Tag Archives: imperatives

Whimperatives: The Wimpy Imperative (Indirection in Speech Act Theory)

Would you be so kind as to read this delightful entry on the subject of whimperatives written by XX? — MLR

In English it seems to me that we all have a certain subconscious understanding of what a polite request is versus an impolite one. For some reason we think [a] is more polite (and therefore might be more effective, depending on the context and people involved) than [b].

[a] Could you wash the dishes?

[b] Wash the dishes.

Of course any judgments one might make about the politeness, effectiveness, and/or passive-aggressiveness of any given utterance is going to be totally subject to context. Imagine, for example, [c] coming from a shy roommate who doesn’t want to seem too… demanding or imposing.

[c] Those dishes in the sink have been… uhm… sitting there for a while…. Yeahhh.

The idea of using non-imperative constructions to express imperatival statements was discussed by Sadock (1974). He called these whimperatives, specific kinds of indirect speech acts which are attempts to get the hearer to perform a specified action in the world. Sadock argues that there exists an inherent illocutionary ambiguity, in that the hearer may be able to see two interpretations of the utterance – one as an imperatival request, and one as either a question that seeks for information or as a simple declarative statement. The “Could you [VP]…?”, “You’d better [VP]…” and/or “Is it possible for you to [VP]…?” are all examples he argues are indeed ambiguous in application. Remember that annoying teacher in elementary school that tried so hard to teach us the difference between can and may?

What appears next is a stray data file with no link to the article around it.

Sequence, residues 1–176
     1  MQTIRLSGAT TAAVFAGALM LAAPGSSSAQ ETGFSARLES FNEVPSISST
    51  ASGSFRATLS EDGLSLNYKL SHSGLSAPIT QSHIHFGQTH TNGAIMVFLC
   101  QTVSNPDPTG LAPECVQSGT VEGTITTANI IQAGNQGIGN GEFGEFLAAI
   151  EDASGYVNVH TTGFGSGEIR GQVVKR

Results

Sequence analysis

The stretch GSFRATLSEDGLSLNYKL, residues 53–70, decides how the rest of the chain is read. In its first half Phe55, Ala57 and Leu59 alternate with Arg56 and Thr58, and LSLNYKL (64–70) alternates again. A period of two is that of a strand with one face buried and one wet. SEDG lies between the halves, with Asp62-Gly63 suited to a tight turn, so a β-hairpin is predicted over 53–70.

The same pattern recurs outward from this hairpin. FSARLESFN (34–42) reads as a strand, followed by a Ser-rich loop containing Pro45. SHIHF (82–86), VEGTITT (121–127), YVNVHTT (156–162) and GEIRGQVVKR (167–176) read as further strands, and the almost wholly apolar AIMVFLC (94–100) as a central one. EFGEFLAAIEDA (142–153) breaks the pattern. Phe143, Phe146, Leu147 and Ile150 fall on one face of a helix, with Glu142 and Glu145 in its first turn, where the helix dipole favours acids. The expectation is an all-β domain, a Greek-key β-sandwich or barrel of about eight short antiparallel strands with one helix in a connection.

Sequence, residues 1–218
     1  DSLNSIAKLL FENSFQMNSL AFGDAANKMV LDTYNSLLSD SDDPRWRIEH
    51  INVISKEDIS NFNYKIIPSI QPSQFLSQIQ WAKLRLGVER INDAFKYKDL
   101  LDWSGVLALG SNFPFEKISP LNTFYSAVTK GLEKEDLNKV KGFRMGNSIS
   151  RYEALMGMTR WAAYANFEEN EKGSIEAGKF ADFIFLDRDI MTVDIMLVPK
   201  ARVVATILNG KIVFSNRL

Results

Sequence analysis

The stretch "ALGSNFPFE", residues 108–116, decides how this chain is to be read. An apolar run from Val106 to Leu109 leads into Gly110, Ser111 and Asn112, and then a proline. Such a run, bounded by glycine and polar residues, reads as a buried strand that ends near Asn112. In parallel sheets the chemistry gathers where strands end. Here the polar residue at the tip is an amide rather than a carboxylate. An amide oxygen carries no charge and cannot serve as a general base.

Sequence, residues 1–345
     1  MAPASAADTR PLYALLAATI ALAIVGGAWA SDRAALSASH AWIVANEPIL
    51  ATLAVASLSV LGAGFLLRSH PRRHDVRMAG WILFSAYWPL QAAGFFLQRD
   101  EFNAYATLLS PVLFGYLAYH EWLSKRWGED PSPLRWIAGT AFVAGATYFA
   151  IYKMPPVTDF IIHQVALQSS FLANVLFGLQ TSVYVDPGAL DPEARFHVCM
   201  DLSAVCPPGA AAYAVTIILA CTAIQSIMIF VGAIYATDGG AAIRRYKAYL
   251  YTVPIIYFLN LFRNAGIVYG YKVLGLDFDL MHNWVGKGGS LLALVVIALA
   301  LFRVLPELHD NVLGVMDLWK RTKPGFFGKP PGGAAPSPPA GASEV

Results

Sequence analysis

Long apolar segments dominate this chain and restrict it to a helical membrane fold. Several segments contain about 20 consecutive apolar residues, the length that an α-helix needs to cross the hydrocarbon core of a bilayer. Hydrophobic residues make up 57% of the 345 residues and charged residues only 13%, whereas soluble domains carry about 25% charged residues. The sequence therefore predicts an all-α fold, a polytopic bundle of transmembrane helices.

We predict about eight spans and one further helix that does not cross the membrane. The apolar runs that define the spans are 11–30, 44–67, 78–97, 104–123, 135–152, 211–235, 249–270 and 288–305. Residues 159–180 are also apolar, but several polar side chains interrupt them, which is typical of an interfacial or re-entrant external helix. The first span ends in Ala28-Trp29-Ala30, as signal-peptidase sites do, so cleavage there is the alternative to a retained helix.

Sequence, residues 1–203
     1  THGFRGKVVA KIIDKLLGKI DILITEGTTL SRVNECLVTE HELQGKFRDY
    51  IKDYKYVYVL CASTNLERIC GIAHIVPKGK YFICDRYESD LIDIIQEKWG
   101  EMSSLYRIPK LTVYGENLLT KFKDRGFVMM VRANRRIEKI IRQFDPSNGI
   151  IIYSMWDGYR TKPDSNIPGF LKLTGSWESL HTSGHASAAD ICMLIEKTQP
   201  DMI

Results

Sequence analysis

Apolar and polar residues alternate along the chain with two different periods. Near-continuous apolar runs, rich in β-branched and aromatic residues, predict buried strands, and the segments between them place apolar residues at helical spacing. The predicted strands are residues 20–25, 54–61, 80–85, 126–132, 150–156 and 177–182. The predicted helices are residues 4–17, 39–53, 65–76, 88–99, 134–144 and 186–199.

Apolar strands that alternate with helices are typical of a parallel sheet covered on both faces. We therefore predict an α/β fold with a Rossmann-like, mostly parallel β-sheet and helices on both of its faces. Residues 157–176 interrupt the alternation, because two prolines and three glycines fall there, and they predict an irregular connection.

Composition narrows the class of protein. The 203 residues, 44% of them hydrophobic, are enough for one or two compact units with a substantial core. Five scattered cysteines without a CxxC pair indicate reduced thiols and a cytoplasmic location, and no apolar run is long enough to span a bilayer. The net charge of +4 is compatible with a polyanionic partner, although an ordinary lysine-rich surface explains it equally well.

–          Can I go to the bathroom?

–          I don’t know, can you?

In this example the annoying elementary school teacher is taking advantage of the fact that there exists a second possible interpretation of the question. This might be proof, then, that the whimperative in this scenario is ambiguous. However, according to the context of said scenario, we already do have the understanding that the child is asking for permission to go to the bathroom (the indirection version of the imperative ‘Give me permission to go to the bathroom’) and so I am not totally convinced that this type of whimperative can be ambiguous. On the other hand, think about the statement in [d]:

[d] It’s freezing in here.

Out of any kind of context, we might not even interpret this to be imperatival. Does the speaker just wish to express information about the temperature of the room? Or does the speaker wish you to close the window? Examples like these show us how incredibly important context is to interpreting whimperatives (among other things in language as well).

Holmberg (1979), however, argues against this inherent ambiguity, and it’s pretty obvious that I’m taking his side. His argument revolves around the idea that whimperatives can sometimes be ambiguous, but sometimes not, depending on which ‘category’ they fall under.

Category A: “It’s freezing in here.” / “Those dishes are dirty.”

Category B: “Could you close the window?” / “Could you wash the dishes?”